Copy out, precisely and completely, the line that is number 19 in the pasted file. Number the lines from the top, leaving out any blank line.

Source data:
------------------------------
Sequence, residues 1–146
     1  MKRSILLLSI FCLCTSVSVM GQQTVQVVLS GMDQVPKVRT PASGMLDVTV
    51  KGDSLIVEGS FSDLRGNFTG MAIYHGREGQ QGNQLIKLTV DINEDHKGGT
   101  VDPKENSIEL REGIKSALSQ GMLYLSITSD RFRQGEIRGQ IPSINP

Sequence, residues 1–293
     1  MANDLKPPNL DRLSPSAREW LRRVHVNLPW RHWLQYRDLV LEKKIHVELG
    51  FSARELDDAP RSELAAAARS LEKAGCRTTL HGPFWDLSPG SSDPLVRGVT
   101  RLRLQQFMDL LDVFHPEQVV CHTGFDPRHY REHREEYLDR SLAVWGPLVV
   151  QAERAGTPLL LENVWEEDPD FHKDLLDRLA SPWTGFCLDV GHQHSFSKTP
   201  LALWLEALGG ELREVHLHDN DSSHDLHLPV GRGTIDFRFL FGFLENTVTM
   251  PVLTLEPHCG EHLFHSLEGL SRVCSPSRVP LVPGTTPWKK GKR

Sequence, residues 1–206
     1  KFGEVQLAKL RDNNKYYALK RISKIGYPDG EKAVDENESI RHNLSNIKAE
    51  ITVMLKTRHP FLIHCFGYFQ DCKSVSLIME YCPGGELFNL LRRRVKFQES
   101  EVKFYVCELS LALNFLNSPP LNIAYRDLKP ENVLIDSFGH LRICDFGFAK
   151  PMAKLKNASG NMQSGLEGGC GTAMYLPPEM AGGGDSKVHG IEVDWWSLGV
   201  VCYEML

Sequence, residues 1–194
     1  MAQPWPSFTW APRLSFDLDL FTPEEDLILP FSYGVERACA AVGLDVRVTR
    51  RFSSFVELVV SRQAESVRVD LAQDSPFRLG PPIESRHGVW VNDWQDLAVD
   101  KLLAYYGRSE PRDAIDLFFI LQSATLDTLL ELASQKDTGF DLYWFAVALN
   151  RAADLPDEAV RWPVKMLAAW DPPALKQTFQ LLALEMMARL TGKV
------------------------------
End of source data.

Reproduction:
     1  MAQPWPSFTW APRLSFDLDL FTPEEDLILP FSYGVERACA AVGLDVRVTR